In 2015, Jenny Simpson, arguably the greatest U.S. female miler in history, slapped a label on a budding runner from Kenya named Faith Kipyegon.
“I call her the sniper,” Simpson said then, three months after the then-21-year-old Kipyegon won her first global 1500m medal, silver at the 2015 World Championships. “She won’t go out and run hard from the gun, but she can run people down. The last 200 meters or so she’s really good, and she’ll be four seconds back with a lap to go, and all of a sudden she’s running people down.
“I think she weighs as much as my right leg. She’s teeny.”
Kipyegon bagged her second world title on Monday, prevailing in 3 minutes, 52.96 seconds in Eugene, Oregon. That combined with her two Olympic golds, separated by a 22-month maternity leave from competition (that included 12 months without running), makes her the first woman to win four global 1500m titles.
“I knew I was the best,” said Kipyegon who overtook Ethiopian Gudaf Tsegay on the final lap after Tsegay set a blistering early place. “I had pressure because everybody was expecting really special things for me. Everybody was like, ‘We have faith,’ ‘We believe in Faith.'”
She was one of four athletes from four different continents among Monday night’s five finals to win a fourth global title, along with Belgian Nafi Thiam (heptathlon), Venezuelan Yulimar Rojas (triple jump) and Qatar’s Mutaz Barshim (high jump).
Kipyegon was the eighth of nine children growing on a farm in the Kenyan Rift Valley. Older sister Beatrice Mutai and her dad, Samuel Koech, also ran. Kipyegon was a soccer player at age 14 when she lined up for a one-kilometer run in PE class, according to World Athletics.
“I won that race by 20 meters,” Kipyegon said, according to World Athletics in 2016. “It is only then I knew I could run fast and be a good athlete.”
In 2010, a barefooted Kipyegon placed fourth in the world cross country championships junior race as, at age 16, the youngest finisher in the top 21. The next year, she won it. The year after that, she made her Olympic debut at age 18.
In 2016, she passed world record holder Genzebe Dibaba on the final lap to win Olympic gold. In 2017, she passed Sifan Hassan, the most versatile distance runner of this era, on the final lap to win world championships gold. She did the same to Hassan at the Tokyo Games.
“I’m biased, but in my eyes she’s the greatest 1500m runner there has ever been,” Brit Laura Muir reportedly said after following Kipyegon to silver and a personal-best time in Tokyo. “I don’t think she gets enough credit for the athlete she is. She’s won everything.”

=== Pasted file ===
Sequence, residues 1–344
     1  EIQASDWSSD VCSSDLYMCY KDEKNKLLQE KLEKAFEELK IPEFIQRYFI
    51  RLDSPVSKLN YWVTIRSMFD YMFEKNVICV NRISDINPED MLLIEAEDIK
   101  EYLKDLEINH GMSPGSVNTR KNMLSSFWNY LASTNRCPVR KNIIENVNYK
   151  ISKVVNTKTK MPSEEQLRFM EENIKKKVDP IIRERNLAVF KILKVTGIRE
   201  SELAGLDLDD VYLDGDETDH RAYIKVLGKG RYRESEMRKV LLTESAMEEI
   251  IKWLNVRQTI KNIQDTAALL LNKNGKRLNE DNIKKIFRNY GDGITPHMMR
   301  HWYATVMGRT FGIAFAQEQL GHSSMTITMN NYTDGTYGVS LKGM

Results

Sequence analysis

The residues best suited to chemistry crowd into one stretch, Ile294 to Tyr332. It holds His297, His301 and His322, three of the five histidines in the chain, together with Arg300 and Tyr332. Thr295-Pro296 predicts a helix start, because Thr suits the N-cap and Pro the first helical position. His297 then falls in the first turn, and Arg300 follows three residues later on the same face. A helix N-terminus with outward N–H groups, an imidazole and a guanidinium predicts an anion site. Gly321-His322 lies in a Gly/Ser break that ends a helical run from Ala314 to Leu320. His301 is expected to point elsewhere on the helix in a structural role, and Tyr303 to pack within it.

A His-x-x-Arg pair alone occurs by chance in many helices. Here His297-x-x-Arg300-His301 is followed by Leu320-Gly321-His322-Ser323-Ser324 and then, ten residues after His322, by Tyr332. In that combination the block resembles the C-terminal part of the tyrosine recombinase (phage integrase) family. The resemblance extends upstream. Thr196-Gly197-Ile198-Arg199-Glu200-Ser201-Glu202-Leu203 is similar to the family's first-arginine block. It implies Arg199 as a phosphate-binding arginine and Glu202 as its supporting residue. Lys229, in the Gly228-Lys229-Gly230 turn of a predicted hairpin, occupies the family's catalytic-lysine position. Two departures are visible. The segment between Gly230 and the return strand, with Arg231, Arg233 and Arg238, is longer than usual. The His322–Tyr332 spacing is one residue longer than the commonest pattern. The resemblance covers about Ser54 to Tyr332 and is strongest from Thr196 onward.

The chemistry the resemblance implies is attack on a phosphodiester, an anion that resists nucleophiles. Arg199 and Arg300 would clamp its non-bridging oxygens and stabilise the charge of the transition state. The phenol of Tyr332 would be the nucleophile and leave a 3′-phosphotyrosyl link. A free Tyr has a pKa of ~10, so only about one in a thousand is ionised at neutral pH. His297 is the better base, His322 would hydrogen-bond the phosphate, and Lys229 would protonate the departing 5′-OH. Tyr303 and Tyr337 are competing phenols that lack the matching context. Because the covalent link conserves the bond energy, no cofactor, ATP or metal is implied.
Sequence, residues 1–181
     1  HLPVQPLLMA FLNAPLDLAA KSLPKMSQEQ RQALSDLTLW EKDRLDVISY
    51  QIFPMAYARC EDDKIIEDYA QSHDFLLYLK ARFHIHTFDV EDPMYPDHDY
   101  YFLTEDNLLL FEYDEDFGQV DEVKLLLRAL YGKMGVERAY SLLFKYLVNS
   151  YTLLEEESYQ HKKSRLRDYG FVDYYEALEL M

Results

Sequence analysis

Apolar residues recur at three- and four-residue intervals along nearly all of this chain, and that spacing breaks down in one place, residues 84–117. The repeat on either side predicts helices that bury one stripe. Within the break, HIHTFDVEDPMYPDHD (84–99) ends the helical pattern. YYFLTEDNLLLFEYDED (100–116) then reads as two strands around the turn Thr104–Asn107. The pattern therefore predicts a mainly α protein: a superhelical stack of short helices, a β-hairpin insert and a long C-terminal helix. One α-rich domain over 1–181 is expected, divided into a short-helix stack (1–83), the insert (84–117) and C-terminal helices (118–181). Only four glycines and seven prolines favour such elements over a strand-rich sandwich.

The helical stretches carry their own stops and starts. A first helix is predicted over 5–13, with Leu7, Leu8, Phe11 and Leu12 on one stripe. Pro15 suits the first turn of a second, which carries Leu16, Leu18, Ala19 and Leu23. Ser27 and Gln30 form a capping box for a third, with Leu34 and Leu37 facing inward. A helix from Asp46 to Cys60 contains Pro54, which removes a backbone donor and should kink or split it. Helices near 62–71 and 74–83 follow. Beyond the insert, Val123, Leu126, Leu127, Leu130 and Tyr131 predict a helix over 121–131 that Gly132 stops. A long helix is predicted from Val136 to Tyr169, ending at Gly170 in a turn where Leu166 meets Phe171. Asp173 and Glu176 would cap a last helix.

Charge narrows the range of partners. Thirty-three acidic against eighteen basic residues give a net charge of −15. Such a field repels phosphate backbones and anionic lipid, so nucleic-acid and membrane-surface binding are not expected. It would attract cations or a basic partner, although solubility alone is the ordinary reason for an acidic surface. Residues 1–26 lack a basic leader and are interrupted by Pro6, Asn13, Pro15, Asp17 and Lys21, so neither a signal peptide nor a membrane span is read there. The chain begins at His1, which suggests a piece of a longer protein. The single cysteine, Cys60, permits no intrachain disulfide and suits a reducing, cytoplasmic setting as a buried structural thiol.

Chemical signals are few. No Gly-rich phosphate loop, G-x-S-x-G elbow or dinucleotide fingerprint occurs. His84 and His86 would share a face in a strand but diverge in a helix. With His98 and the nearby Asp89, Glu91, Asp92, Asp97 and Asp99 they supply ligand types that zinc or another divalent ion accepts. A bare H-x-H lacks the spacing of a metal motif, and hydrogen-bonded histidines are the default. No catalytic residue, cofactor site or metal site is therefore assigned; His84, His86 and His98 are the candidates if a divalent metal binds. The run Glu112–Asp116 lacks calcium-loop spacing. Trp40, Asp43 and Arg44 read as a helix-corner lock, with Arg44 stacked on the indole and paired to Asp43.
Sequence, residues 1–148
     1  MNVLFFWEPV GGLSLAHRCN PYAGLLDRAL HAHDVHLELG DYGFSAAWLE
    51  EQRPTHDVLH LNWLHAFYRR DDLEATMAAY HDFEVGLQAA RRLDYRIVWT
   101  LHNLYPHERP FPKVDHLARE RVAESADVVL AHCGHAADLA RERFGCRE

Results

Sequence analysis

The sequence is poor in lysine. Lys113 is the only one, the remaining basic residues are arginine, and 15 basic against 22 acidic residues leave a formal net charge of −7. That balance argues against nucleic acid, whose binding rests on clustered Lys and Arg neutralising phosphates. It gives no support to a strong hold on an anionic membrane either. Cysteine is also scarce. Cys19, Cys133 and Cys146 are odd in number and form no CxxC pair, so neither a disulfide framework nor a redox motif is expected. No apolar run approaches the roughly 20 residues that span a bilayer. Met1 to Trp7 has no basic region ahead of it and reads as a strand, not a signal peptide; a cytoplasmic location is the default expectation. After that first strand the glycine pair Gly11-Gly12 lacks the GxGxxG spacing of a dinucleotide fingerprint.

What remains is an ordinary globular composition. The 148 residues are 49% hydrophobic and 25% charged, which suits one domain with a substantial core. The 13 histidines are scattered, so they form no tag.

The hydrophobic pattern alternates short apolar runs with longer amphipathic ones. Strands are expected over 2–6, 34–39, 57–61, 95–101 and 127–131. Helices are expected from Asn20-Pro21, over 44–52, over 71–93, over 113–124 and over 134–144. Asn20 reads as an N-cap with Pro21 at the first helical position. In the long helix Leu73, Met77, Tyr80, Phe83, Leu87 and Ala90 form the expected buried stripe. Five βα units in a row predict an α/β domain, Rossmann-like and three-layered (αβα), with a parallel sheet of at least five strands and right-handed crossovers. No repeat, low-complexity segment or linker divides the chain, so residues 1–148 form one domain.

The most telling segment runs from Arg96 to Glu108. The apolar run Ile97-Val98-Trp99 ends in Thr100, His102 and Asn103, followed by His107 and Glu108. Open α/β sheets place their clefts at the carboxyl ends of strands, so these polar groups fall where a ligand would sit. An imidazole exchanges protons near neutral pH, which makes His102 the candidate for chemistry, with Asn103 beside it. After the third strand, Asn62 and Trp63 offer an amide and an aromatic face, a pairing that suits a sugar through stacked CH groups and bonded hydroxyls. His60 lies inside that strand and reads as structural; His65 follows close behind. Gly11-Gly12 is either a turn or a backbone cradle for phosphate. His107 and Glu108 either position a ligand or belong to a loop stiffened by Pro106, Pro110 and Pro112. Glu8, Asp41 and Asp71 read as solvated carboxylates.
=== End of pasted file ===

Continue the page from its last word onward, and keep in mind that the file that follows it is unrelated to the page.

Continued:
Kipyegon is the fourth-fastest female miler in history, trailing two dubious Chinese and Dibaba, whose world record is a second faster than Kipyegon’s personal best. Kipyegon said that record isn’t a priority and that she may shift to the 5000m after the 2024 Paris Games, according to Olympics.com. No woman has won three Olympic gold medals in an individual track event.
Worlds continue Tuesday, highlighted by finals in the men’s 400m hurdles and men’s 1500m.
Also Monday, Thiam joined Kipyegon as a two-time Olympic gold medalist and two-time world champion, prevailing with 6,947 points. American Anna Hall earned bronze with a 297-point personal best total. She vaulted from the 11th-best American in history to No. 3 behind world record holder Jackie Joyner-Kersee and Jane Frederick.
Like Kipyegon and Thiam, Rojas earned a fourth global title. She three-peated as world triple jump champion with the fifth-best jump in history. Rojas, 26, has six of the top seven jumps on the all-time list, including the world record. Tori Franklin earned bronze to become the first American woman to win an Olympic or world medal in the event.
Like Kipyegon, Thiam and Rojas, Barshim became a four-time global champion. He cleared 2.37 meters to three-peat as world champion, a year after sharing Olympic gold with Italian Gianmarco Tamberi (who was fourth Monday).
Moroccan Soufiane El Bakkali followed his Olympic gold with his first world title in the 3000m steeplechase, making his move off the last water jump. On the first lap, runners had to avoid a camera man on the track.
All of the favorites advanced to 200m semifinals for the men (Americans Noah Lyles and Erriyon Knighton, after Olympic champion Andre De Grasse withdrew) and the women (Jamaicans Shelly-Ann Fraser-Pryce, Elaine Thompson-Herah and Shericka Jackson).
In the morning, Ethiopian Gotytom Gebreslase won the women’s marathon in a championship record 2:18:11, edging Kenyan Judith Jeptum Korir by nine seconds. Americans finished fifth (Sara Hall), seventh (Emma Bates) and eighth (Keira D’Amato). Gebreslase, the 2021 Berlin Marathon winner, extended Ethiopia’s early success at worlds after wins in the women’s 10,000m (Letesenbet Gidey) and men’s marathon (Tamirat Tola).
NBC Olympic Research contributed to this report.
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